Skip to main content

Verified by Psychology Today

The Art and Science of Gratitude

And seven small ways to be more thankful.

Source: Pixabay

Gratitude (Latin gratia, or "grace") never came easily to us men and women, and is a diminishing virtue in modern times. In our consumerist society, we tend to focus on what we lack, or on what other people have that we do not, whereas gratitude is the feeling of appreciation for what we already have.

More than that, gratitude is the recognition that the good in our life can come from something that is beyond us and beyond our control—be it other people, nature, or a higher power—and that owes little or nothing to us.

Gratitude is not a technique or stratagem, but a complex and refined moral disposition. It has been defined poetically as "the memory of the heart" and "the moral memory of mankind."

Gratitude vs indebtedness

It is easy enough, both for the debtor and the benefactor, to mistake indebtedness for gratitude. Indebtedness is a much more contained and restricted obligation, or perceived obligation, on the part of the debtor to recompense or otherwise compensate the benefactor, not because recompense is a pleasure but because obligation is a pain.

Unlike gratitude, indebtedness can lead the debtor to avoid and even resent the benefactor. As Seneca says, "In the case of certain men, the more they owe, the more they hate. A trifling debt makes a man your debtor; a large one makes him an enemy."

Gratitude should also be distinguished from appreciation, which is the recognition and enjoyment of the good qualities of a person or thing, but without that dimension of awe, reverence, and humility that is at the heart of gratitude.

The dynamics of gratitude

Gratitude is magnified if the conferred benefit is unexpected, or if the benefactor is of a higher social standing than the debtor. But if a benefit comes to be expected, both it and the benefactor tend to be taken for granted by the beneficiary—a common feature of tired relationships, and a rationale for doling out benefits on a variable ratio schedule.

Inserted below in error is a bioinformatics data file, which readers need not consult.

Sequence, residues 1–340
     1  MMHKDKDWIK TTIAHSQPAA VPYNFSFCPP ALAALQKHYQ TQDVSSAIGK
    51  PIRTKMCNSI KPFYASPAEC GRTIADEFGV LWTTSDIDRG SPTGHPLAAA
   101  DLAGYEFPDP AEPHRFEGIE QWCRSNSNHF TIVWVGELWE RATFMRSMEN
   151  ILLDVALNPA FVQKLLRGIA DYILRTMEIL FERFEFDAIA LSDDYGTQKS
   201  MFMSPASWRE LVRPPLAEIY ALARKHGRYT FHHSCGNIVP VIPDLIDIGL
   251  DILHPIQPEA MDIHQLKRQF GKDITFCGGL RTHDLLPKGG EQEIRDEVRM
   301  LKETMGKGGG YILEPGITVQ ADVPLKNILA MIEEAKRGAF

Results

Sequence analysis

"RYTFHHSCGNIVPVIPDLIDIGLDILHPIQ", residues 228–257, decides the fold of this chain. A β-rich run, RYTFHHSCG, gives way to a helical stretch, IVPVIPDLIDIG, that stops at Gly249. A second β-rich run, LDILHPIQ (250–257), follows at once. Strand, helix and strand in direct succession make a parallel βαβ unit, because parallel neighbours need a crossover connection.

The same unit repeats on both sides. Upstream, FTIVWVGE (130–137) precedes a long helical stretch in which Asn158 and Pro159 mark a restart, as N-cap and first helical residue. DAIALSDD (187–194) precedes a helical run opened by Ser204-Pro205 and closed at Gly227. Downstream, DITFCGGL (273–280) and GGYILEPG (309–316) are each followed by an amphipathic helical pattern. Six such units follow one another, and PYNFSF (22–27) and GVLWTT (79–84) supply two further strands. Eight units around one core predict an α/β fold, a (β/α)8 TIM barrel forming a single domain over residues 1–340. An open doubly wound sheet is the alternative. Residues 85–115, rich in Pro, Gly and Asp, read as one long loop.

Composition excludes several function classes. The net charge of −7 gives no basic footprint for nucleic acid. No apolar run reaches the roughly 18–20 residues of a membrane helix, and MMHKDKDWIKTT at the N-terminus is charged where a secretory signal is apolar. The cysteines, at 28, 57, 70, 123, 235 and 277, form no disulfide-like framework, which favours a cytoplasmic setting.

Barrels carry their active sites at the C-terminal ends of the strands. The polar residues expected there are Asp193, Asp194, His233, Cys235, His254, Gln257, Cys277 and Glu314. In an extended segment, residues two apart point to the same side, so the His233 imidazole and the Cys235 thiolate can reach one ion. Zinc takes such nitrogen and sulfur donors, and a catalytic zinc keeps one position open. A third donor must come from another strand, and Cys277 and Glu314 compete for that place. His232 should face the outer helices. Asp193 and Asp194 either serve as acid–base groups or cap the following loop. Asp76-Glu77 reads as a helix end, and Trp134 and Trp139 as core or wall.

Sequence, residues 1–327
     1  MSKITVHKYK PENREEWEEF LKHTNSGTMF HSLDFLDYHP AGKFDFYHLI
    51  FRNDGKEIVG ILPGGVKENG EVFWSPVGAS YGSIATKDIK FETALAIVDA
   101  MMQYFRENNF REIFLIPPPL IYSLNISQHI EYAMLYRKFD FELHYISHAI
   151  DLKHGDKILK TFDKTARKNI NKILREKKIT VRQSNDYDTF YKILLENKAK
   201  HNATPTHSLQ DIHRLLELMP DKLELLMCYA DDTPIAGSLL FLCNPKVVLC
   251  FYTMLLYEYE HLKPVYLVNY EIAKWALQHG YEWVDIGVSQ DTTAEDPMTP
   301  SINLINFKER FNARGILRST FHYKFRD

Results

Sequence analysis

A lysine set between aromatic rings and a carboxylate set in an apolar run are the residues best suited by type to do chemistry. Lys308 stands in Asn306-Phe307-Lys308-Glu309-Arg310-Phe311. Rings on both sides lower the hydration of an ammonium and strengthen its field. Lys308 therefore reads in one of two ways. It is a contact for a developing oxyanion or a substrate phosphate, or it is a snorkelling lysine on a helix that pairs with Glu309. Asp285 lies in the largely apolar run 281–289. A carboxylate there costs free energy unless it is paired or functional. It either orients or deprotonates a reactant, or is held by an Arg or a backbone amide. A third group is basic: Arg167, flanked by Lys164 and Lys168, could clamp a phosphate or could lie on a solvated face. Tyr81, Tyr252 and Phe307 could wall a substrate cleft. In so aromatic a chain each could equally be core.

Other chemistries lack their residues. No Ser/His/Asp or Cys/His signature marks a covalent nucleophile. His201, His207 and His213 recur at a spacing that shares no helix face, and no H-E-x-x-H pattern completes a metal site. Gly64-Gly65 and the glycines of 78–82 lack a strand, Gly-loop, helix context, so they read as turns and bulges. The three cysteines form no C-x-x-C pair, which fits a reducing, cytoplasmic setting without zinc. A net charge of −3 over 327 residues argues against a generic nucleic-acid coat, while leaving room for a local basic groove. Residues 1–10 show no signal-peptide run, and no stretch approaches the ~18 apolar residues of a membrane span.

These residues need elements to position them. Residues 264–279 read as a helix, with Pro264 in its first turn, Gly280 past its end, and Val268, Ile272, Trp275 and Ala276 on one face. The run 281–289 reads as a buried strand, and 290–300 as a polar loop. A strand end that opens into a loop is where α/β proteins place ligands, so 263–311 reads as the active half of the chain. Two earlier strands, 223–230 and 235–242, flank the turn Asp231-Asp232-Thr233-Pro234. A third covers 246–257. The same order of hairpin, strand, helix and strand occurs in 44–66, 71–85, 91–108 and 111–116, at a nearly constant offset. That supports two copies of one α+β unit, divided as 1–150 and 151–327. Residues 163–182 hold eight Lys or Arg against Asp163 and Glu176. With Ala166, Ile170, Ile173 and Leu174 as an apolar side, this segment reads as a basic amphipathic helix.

Gratitude is also magnified if, in benefiting us, the benefactor touches our feelings. Unless our feelings are moved, we tend to respond not with gratitude but with mere appreciation. Thus, the teachers whom we hold dearest in our hearts are not those who assiduously taught us the most facts, or fastidiously covered every bulleted point on the syllabus, but those who inspired us and opened us up to the world.

The benefits of gratitude

In paying homage to something outside ourselves, gratitude enables us to connect with something that is not only larger than ourselves but also benevolent, even nurturing. By turning us outward, it opens our eyes to the miracle that is life, something to marvel at, revel in, and celebrate, rather than forget, ignore, or take for granted as it passes us by.

Gratitude encourages us to joy, tranquillity, awareness, enthusiasm, and empathy, while removing us from anxiety, sadness, loneliness, regret, and envy, with which it is fundamentally incompatible.

All this it does because it opens us up to a bigger and better perspective, shifting our focus from what we lack or strive for to all that we already have, to the bounty that surrounds us, and, above all, to life itself, which is the fount of all opportunity and possibility.

This eagle or godlike perspective frees us to live life, no longer for ourselves, but for life itself.

For this reason, Cicero calls gratitude the greatest of the virtues, and, more than that, the mother of all the other virtues. Today, science has begun to catch up with Cicero. Studies have linked gratitude with increased satisfaction, motivation, and energy; better sleep and health; and reduced stress and sadness. Grateful people engage much more with their environment, leading to greater personal growth and self-acceptance, and stronger feelings of purpose, meaning, and connectedness.

Gratitude in religion

We can be grateful for likely future benefits as well as for past and present benefits. Gratitude for future benefits promotes optimism, and optimism faith. Both Western and Eastern religious traditions emphasize gratitude. In many Christian denominations, the most important rite is the Holy Communion or Eucharist—a word which derives from eucharistia, Greek for "thanksgiving." Martin Luther himself spoke of gratitude as "the basic Christian attitude." More than a mere feeling, Christian gratitude is a virtue, or disposition of the soul, that shapes our thoughts, feelings, and actions, and that is developed, refined, and exercised through a remembered relationship with God and His Creation.